What to Eat at Night: 8 of the Best Foods to Eat Before Bed
Late-night snacking has long been thought of as a fast track to weight gain. But snacking at night doesn’t have to derail your weight loss goals, as long as you snack smart.
Research suggests that a nutrient-dense nighttime snack — ideally around 150 calories — may have potential benefits to overall health in certain individuals. (However, additional research is needed to shed light on the specifics — like exactly which populations it may benefit, and what role exercise plays in the equation.)
The big question for us midnight nibblers is: What’s the best food to eat before bed? Here are some of the smartest options for late-night snacking.
1. Apple with Peanut Butter
Apples provide fiber and vitamin C, and peanut butter supplies healthy fats, fiber, and protein. “This is my go-to,” says Hillary Cecere, MS, RDN, a registered dietitian for Eat Clean Bro. “It always holds me over until the morning and is super satisfying.”
2. Greek Yogurt with Berries and Granola
Greek yogurt contains protein, and the berries provide antioxidant-like compounds along with some satisfying sweetness. Granola contains fiber and also adds a bit of crunch and texture to the smooth and creamy yogurt. (Just keep an eye on the sugar content, as some varieties of granola can be calorie-dense and chock full of sugar.)
3. Foods with Magnesium
Magnesium is needed for 300 biochemical reactions in the human body, and research suggests this micronutrient may have an association with sleep quality (although further research is warranted to better understand this mechanism). Consider adding some foods with magnesium — like pumpkin seeds, spinach, and almonds — to your late-night snack.
4. Crunchy Veggies with Hummus
A late-night snack is the perfect way to add extra veggies to your diet. Baby carrots, celery sticks, and bell peppers are nutrient-dense and hydrating — and pairing them with hummus adds healthy fats, fiber, and protein, says Cecere.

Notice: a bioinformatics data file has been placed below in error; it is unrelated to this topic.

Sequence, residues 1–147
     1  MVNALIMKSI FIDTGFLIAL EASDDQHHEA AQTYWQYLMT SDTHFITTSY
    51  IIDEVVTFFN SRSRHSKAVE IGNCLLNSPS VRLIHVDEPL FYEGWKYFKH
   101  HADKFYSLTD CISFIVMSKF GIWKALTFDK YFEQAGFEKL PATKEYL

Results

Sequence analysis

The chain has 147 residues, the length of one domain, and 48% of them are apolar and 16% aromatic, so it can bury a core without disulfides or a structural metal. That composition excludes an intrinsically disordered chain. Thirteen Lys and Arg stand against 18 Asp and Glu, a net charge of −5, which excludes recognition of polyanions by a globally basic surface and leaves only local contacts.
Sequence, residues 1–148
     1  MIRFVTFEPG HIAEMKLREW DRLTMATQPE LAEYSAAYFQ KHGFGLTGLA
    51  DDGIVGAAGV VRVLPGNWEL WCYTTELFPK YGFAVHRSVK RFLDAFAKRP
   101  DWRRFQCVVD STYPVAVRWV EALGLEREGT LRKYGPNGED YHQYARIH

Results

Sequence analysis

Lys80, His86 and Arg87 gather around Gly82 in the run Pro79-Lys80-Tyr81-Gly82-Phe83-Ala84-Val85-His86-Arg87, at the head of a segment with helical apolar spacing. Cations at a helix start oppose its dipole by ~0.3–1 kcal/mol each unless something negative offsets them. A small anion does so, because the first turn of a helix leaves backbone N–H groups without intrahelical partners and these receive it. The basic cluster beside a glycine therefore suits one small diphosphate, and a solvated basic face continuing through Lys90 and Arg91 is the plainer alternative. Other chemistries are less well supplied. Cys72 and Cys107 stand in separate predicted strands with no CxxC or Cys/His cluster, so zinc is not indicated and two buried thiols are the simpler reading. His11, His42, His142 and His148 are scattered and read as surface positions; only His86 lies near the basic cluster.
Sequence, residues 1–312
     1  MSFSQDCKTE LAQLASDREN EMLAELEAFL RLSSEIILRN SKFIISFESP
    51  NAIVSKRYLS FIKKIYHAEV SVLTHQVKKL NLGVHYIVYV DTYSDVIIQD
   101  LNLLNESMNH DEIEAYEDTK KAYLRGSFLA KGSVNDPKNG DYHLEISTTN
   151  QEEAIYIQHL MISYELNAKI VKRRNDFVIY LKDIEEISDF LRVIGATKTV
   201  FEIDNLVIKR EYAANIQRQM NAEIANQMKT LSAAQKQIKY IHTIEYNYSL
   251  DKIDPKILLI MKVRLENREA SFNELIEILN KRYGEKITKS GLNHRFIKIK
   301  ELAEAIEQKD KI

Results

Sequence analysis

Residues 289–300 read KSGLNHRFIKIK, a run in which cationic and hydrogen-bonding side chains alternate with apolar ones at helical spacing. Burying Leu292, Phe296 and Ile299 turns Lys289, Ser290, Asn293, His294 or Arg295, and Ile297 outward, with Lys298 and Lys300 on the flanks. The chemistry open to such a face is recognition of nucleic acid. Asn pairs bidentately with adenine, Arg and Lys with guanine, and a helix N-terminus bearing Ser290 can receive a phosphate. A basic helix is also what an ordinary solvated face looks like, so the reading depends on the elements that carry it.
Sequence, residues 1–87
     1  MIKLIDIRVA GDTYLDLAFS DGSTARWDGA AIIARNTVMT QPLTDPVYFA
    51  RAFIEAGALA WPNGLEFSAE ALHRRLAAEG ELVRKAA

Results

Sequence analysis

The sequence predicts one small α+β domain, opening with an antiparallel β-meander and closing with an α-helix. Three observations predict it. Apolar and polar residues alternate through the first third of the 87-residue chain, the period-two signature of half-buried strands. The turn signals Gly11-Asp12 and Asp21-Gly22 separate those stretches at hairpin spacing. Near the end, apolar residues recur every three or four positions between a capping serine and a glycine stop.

5. Peach with Cottage Cheese
The sweet and creamy combo will make you feel like you’re noshing on a decadent midnight snack. Bonus points: You’ll get fiber from the peach and casein protein from the cottage cheese.
6. Edamame with Sea Salt
“I love edamame because it’s a great source of plant protein,” Cecere says. One cup of edamame has 18 grams of protein. Choose unshelled edamame — the process of shelling them can help slow down your consumption.
7. Pear with Cheese
When you’re looking for the best foods to eat before bed, look for ones with at least 2 grams of fiber per serving, Cecere says. One medium-sized pear provides 5.5 grams of fiber along with other healthy vitamins and minerals. The cheese adds protein and calcium, and it’s a great flavor counterpart to fruit. (Keep your eye on your cheese portions, however, as the calories and saturated fat can add up quickly.)
8. Popcorn with Sea Salt
“Popcorn is a whole grain, and it’s relatively low in calories for the portion size, especially if it’s air-popped,” Cecere says. Air-popped popcorn has about 1 gram of fiber per cup and can satisfy your cravings for a salty snack.
What Not to Eat Before Bed
What are the best foods to eat before bed? Not these! When you’re craving a midnight snack, steer clear of the following.
- High-calorie cravings. It’s easy to overeat high-calorie foods, especially when you’re tired. “Try to avoid snacks that are impossible to stop eating like potato chips, cookies, and candy,” Cecere says.
- Junk food. “These foods offer few nutritional benefits,” Cecere says. “Think of snacks as an opportunity to add nutrients.”
- Spicy, fried, or acidic foods. When these foods are consumed too close to bedtime, certain individuals may become more susceptible to heartburn, reflux, and other digestive issues, says Jim White, RD, ACSM health fitness specialist and owner of Jim White Fitness & Nutrition Studios.
- Meal-sized portions. The research mentioned above was based on snacks with fewer than 150 calories, so aim to stay around that number.
- High sodium snacks. According to the American Heart Association, over 70 percent of the sodium we eat comes from processed, prepackaged, and restaurant foods. Research suggests higher sodium intake may be linked to lower sleep quality, although this connection has not been firmly established. Regardless, avoiding high sodium snacks before bed is a smart strategy in general, as they’re usually highly processed and low in quality nutrients.
- Alcohol. This may seem counterintuitive, because an alcoholic drink can be relaxing and may even make you feel sleepy. But over the course of the night, research suggests alcohol may actually disrupt your sleep — and it certainly doesn’t provide you with a pre-bedtime nutritional boost.